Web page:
Identified individuals are represented by a biographical sketch, a list of connections to other signatures, and, in most cases, an artifact from the Ransom Centers collections. Help us identify more signatures by submitting your suggested identification.
FRANK TOWNSEND HUTCHENS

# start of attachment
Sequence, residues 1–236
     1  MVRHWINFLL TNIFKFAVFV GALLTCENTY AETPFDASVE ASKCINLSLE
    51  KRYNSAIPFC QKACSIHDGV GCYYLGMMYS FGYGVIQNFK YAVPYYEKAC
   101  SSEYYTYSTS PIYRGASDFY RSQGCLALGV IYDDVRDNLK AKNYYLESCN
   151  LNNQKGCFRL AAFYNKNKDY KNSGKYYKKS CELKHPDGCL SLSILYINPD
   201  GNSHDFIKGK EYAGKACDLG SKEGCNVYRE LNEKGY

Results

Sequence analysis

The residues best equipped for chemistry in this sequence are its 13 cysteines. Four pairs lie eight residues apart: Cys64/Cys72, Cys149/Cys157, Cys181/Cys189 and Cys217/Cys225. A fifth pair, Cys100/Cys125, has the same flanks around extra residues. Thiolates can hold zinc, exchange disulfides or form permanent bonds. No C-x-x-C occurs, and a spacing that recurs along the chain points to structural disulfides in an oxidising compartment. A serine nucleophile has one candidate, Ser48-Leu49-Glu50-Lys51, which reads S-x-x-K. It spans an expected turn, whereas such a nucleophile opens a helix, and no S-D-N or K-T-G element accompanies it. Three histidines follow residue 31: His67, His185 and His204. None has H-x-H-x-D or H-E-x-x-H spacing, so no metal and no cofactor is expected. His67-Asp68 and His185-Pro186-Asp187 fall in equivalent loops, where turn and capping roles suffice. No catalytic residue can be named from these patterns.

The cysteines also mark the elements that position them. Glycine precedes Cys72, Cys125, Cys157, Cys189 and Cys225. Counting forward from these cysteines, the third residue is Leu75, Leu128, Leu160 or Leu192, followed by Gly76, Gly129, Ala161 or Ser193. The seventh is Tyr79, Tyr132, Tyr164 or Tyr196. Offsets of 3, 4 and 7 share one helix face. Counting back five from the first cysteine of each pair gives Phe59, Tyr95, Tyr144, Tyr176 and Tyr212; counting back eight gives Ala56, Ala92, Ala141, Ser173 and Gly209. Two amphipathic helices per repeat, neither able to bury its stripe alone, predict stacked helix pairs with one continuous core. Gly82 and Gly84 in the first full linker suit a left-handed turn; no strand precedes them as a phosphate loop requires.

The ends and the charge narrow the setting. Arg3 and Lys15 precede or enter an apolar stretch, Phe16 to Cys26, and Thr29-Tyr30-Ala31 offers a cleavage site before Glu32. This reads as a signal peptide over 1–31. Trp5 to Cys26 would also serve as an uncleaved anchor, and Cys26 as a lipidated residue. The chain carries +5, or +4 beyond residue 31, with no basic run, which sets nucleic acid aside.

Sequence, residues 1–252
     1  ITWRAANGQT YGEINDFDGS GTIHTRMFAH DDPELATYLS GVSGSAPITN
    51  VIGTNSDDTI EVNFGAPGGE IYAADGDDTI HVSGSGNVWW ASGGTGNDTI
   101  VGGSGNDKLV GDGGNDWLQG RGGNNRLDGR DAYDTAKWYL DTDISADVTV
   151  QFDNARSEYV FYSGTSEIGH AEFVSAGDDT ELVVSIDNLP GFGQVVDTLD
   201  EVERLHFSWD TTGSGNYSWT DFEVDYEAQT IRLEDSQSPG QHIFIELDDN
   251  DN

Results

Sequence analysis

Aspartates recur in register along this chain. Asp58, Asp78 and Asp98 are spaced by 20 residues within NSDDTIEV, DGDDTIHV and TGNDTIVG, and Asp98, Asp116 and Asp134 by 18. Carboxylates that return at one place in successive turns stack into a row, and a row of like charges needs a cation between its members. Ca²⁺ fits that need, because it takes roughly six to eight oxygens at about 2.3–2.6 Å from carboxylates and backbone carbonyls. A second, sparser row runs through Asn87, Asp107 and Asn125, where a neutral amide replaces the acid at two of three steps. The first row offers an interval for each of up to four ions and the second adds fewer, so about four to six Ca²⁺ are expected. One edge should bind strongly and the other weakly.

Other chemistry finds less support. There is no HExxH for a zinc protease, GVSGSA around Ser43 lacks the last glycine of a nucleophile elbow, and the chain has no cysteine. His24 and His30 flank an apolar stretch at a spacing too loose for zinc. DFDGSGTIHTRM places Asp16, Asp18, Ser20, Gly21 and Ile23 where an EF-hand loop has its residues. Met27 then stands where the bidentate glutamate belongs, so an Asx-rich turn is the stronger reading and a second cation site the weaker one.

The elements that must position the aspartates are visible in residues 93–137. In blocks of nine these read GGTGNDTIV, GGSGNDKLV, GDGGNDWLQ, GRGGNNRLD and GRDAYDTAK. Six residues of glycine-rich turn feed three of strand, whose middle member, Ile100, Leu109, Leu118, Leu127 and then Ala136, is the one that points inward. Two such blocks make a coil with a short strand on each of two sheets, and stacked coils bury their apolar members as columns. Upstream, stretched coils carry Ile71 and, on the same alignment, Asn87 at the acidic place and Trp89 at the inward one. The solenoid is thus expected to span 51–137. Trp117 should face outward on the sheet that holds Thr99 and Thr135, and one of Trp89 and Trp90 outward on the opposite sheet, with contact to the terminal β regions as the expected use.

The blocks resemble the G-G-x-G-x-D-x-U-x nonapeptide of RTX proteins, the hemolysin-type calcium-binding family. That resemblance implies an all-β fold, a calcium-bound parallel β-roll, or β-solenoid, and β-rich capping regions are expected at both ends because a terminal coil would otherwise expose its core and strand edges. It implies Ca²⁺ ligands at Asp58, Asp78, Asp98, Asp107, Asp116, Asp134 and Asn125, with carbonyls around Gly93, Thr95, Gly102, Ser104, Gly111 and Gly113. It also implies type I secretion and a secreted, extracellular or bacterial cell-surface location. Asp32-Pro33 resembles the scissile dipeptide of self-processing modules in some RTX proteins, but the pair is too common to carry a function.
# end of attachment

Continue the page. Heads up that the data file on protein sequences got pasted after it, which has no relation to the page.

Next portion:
The artist Frank Townsend Hutchens (1869-1937) was born in Canandaigua, New York. He studied painting in Paris and in New York with artists who also taught at the Art Students League. He traveled extensively in Europe, North Africa, New England, and the American West, and the paintings he produced while on his sojourns were shown in numerous exhibitions throughout the United States and Europe in the late nineteenth and early twentieth centuries. In Paris, Hutchens's paintings were exhibited in the Salon of 1898, which also included the sculpture The End of the Trail by James Earle Fraser. A masterful painter and draftsman, Hutchens was proficient in watercolors and oils, illustrated a special 1892 edition of the novel Ben-Hur, and completed a wall mural for St. John's Episcopal Church in Elmira, New York. Hutchens and his wife Mabel Reynolds settled in Norwalk, Connecticut, where he became a key figure in the Silvermine Artists Guild. In the 1930s, Hutchens divided his time between Connecticut and Taos, New Mexico, the site of the thriving artists' community which had been home to several generations of writers and artists, including Georgia O'Keeffe and D. H. Lawrence.